Mechanically Enabling the Batch of One

B&R Automation unveils its AcoposTrak flexible and intelligent product transport system, which is designed to allow for the manufacture of custom product sets at full production speed without changeover downtime.

B&R Automation’s Nicole Wittman and Robert Kickinger unveil the AcoposTrak at SPS/IPC/Drives 2017 in Nuremberg, Germany.
B&R Automation’s Nicole Wittman and Robert Kickinger unveil the AcoposTrak at SPS/IPC/Drives 2017 in Nuremberg, Germany.

Customer demands have been leading manufacturers to pursue mass customization capabilities for years now. Numerous methods have been devised to enable this, but most have not been economically viable due to the mechanical realities of machine downtime and changeover requirements. To address these issues, B&R Automation unveiled its AcoposTrak technology at the SPS/IPC/Drives 2017 event in Nuremberg, Germany this week.

Robert Kickinger, mechatronic technologies manager at B&R Automation, called the AcoposTrak an example of the implementation of “digitalization at the level of motion control and mechanics to move products through machines and lines” and make mass customization—even batches of one—economically viable. Kickinger noted that AcoposTrak is based on long stator linear motor technology to architect flexible and intelligent product transport systems.

B&R Automation says AcoposTrak is an example of its adaptive machine concept, enabled by its use of electronic diverters that can pass product from one line of track to another at full production speeds and “smart system software” that allows for full speed merging of product flows and sorting. AcoposTrak also features hot-swappable shuttles that use magnets to hold shuttles in place, thereby creating no wear. Pit lanes on AcoposTrak allow for in-process changeover and servicing with no machine downtime. The system’s technology is reportedly capable of accelerating at more than 5 g and has a top speed in excess of 4 meters per second.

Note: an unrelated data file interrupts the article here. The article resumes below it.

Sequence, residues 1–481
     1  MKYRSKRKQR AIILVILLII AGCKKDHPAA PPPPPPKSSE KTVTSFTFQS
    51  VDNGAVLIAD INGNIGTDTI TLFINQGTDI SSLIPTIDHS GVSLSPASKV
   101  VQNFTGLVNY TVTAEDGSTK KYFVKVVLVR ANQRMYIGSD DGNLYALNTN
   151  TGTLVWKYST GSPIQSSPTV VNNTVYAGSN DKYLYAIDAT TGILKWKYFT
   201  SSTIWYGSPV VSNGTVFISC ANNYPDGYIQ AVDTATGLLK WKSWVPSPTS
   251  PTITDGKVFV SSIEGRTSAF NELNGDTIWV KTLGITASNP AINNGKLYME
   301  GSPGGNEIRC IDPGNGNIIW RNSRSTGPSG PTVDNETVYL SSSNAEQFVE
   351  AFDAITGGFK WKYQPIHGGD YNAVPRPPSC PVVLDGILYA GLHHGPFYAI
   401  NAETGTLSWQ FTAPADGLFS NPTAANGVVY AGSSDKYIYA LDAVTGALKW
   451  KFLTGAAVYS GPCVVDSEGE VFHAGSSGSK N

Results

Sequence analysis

Managing product transport out of four basic elements, AcoposTrak can be assembled into any shape, said Kickinger. “Tracks can be closed or open and can be combined freely to shape the track to meet the needs of your process,” he said. Because AcoposTrak is based on a “scalable, decentralized system architecture,” Kickinger noted that the technology allows for “track lengths in excess of 100 meters and more than 250 shuttles to be controlled by one automation PC.”

In the demonstration at the SPS/IPC/Drives event, AcoposTrak’s ability to generate a digital twin was also highlighted. According to B&R, the system automatically generates a digital twin by using the system’s application code. With AcoposTrak’s software-in-the-loop approach, users can validate engineering at early stages of development before deploying hardware, thus enabling the digital twin to help users optimize system designs for easier commissioning and smoother operation while reducing development times for new machines or implementing new products into existing machines.

AcoposTrak will be available in the U.S. in September 2018.

This video from B&R captures the AcoposTrak announcement at SPS/IPC/Drives 2017.

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